Socca chips however are an entirely different matter and my family go mad for them.  These little chickpea flour fries are called panisse in Nice and panizzie in Western Liguria where they are also made.  Simply make a thick chickpea flour paste, leave it to cool, slice the mixture into batons and fry these batons in olive oil.  I like to add a little grated cheese and some cumin to the batter, ideas pinched from Hilary Davis’ recently published book ‘Cuisine Niçoise’.  Serve the chips on their own as a snack or a hearty canapé with the obligatory twist of the black pepper mill and a pinch of sea salt.

Socca Chips

175g chickpea flour
1 ½ tsps ground cumin
1 ½ tbsps extra virgin olive oil plus extra for frying
25g gruyere cheese
675ml water
Pinch sea salt

flour

Whisk the above ingredients together in a large bowl, then transfer to a heavy-based saucepan and heat until thick, stirring constantly.  This should take about five minutes.

Pour the thickened mixture into a greased baking tray and leave to cool.  I use a 22cm square tin which gives quite thin chips. Cut the mixture into slices and fry in olive oil until crisp and browned on the outside.

Serve the chips straight away with salt and pepper sprinkled over them as desired.

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Pesto Pistou…how it all started

Tomatoes & Pesto

Since a stint living in Nice in the 1990s, I am often drawn back the distinctive flavours and very individual recipes of the Riviera coastline which stretches from Nice in France, across the Italian border into Liguria and on to the Tuscan border, passing Genoa, the home of pesto, along the way.  Whilst it’s not possible to truly recreate the ‘cuisine of the sun’ miles away in the UK, I’ve set up this blog as a way to record my experiments with similar ingredients albeit with a British twist from time to time.  Thrown in too, some tasting notes on the local wines, little known away from the Riviera itself.  How I look forward to being back there again…..

So, where to start? It would seem apt to kick things off with a post to explain the name of this blog so here’s the lowdown on the provençal sauce, Pistou and its Italian cousin Pesto Genovese.  Their recipes share many ingredients, namely garlic, basil, olive oil and cheese (usually pecorino and/or parmesan).  Writing in his book Cuisine Niçoise, former Mayor of Nice, Jacques Medecin explains the key difference between the two – it’s all about which side of the Franco-Italian border you reside on:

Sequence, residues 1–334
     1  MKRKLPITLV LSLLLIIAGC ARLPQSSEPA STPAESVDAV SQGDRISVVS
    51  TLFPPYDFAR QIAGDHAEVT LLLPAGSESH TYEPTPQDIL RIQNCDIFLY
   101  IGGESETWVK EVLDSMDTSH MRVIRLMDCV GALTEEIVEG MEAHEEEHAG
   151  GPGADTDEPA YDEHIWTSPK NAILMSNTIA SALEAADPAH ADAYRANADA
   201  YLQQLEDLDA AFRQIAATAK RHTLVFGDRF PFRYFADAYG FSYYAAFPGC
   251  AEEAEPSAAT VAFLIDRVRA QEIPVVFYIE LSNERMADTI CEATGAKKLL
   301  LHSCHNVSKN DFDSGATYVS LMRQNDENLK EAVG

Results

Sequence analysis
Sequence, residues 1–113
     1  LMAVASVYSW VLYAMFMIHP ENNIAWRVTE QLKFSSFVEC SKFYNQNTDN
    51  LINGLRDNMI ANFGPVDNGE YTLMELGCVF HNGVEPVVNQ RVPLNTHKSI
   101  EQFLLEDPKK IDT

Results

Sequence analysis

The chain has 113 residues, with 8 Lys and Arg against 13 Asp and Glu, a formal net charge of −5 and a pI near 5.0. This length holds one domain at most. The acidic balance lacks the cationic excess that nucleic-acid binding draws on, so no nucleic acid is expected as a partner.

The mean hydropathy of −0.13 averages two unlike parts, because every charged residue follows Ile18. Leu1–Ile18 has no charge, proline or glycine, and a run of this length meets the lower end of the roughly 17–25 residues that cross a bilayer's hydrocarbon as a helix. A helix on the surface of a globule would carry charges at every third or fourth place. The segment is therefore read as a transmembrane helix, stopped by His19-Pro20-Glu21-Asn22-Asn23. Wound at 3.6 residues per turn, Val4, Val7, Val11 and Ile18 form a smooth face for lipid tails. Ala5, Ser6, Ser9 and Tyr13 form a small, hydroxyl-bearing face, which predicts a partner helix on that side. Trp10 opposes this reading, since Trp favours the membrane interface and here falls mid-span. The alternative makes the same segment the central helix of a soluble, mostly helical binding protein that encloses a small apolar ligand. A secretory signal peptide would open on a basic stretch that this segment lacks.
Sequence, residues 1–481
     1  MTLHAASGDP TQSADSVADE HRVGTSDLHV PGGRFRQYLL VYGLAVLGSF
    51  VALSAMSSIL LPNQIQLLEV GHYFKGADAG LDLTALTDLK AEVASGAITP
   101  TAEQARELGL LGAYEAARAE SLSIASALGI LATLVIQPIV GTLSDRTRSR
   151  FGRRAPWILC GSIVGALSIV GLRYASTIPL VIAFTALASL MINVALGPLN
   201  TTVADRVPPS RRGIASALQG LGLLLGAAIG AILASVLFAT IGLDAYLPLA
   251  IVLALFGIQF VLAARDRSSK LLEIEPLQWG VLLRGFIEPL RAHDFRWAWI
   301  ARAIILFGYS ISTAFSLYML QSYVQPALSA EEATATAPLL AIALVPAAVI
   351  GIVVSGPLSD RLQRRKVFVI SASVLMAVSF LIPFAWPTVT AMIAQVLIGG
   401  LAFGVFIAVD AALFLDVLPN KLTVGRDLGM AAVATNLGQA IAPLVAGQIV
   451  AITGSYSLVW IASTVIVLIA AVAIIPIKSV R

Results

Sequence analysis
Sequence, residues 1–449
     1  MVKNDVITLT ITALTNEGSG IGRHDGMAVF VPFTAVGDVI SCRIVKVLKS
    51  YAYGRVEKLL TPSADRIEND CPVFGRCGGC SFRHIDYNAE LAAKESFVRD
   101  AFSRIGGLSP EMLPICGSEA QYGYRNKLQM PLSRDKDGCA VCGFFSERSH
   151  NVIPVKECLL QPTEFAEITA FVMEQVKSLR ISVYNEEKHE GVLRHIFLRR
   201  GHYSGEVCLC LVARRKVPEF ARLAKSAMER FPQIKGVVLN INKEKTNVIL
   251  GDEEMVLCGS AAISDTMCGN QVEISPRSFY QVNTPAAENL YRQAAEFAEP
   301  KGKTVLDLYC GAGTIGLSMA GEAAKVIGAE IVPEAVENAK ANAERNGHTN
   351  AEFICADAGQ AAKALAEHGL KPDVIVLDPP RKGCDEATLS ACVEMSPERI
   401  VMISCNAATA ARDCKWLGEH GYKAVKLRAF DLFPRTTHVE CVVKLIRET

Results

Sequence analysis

“I make no attempt to settle the question of whether pistou migrated from Nice to Genoa, or vice versa, but let me simply say that the Ligurians like to add 100g of pine nuts to the ingredients pounded in the mortar”.

The reference to the pounding of the sauce in the mortar is an important one.  Pistou, a word from the Nicois dialect, means “pounded” as does the Genoese word Pesta.  To this day, purists use a pestle and mortar believing that the use of a blender causes the capillaries in the basil leaves to close up which stops them from releasing their full aroma.  The blender method has become acceptable in today’s modern kitchen however, and the speed of making it means there is always fresh pesto (or pistou) in my fridge just waiting to top a bowl of pasta or a vegetable soup.  The pounded version is well worth it when time allows.

Pasta & Pesto

Recipes for both pistou and pesto vary widely depending on the cook or the village where it is being made, and the debate about whose sauce is best rages on.  How much garlic should be used? Which cheese works well and how strong should it be? In Liguria, some add cream, others ricotta.  One thing that everyone is clear on though: the sauce should never be heated up on its own prior to serving.  Simply stir a spoonful into hot pasta or soup at the very last minute.

Here is my version of basil pesto which will keep well in the fridge (best used within two days of making) and the freezer if frozen the same day. I’ll be posting a variety of pesto recipes in the coming months together with ideas for dishes they can be added to.  But we won’t just concern ourselves with pesto here.  The blog is about the food (and wine) from across the Riviera – think socca v farinata and salade niçoise v cappon magro – and we will touch on tips for travelling in the region as well.

Thanks for taking the time to look at the blog.  Feedback will be happily received!

Basil Pesto

25g basil leaves
20g pine nuts, toasted in a dry pan
10g pecorino romano
10g parmesan
1 small clove garlic, crushed
40 ml extra virgin olive oil
tiny pinch salt

Put all the ingredients in a food processor and whizz on high speed for a few seconds to form a paste.  Stir in more olive oil if you like a slightly runnier consistency.

Basil Pesto